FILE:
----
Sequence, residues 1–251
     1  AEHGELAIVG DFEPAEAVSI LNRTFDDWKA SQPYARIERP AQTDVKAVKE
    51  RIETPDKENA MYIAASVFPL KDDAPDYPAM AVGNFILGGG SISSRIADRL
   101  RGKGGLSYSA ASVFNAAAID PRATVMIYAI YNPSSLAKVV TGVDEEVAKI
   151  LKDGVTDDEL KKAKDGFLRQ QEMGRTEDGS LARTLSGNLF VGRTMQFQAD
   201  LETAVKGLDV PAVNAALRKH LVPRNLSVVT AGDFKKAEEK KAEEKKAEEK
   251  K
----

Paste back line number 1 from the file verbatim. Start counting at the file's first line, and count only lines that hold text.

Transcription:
Sequence, residues 1–251